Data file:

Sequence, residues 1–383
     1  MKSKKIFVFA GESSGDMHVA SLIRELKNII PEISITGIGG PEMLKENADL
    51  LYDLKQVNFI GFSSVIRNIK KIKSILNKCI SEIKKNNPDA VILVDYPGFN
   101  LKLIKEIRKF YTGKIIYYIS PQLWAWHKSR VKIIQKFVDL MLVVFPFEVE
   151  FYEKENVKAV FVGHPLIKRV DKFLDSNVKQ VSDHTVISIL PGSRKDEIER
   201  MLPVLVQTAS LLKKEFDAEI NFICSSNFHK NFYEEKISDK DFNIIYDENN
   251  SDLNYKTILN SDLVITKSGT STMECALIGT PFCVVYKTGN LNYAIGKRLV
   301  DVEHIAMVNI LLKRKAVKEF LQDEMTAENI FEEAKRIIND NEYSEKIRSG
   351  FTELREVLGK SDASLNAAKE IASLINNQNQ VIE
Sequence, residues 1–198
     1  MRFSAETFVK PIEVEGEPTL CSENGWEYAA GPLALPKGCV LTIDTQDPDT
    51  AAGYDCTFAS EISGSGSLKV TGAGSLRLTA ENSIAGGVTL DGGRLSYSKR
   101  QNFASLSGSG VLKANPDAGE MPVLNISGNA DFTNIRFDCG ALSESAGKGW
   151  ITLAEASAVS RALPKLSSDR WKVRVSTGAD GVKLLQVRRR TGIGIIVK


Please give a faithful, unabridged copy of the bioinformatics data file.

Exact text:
Sequence, residues 1–383
     1  MKSKKIFVFA GESSGDMHVA SLIRELKNII PEISITGIGG PEMLKENADL
    51  LYDLKQVNFI GFSSVIRNIK KIKSILNKCI SEIKKNNPDA VILVDYPGFN
   101  LKLIKEIRKF YTGKIIYYIS PQLWAWHKSR VKIIQKFVDL MLVVFPFEVE
   151  FYEKENVKAV FVGHPLIKRV DKFLDSNVKQ VSDHTVISIL PGSRKDEIER
   201  MLPVLVQTAS LLKKEFDAEI NFICSSNFHK NFYEEKISDK DFNIIYDENN
   251  SDLNYKTILN SDLVITKSGT STMECALIGT PFCVVYKTGN LNYAIGKRLV
   301  DVEHIAMVNI LLKRKAVKEF LQDEMTAENI FEEAKRIIND NEYSEKIRSG
   351  FTELREVLGK SDASLNAAKE IASLINNQNQ VIE
Sequence, residues 1–198
     1  MRFSAETFVK PIEVEGEPTL CSENGWEYAA GPLALPKGCV LTIDTQDPDT
    51  AAGYDCTFAS EISGSGSLKV TGAGSLRLTA ENSIAGGVTL DGGRLSYSKR
   101  QNFASLSGSG VLKANPDAGE MPVLNISGNA DFTNIRFDCG ALSESAGKGW
   151  ITLAEASAVS RALPKLSSDR WKVRVSTGAD GVKLLQVRRR TGIGIIVK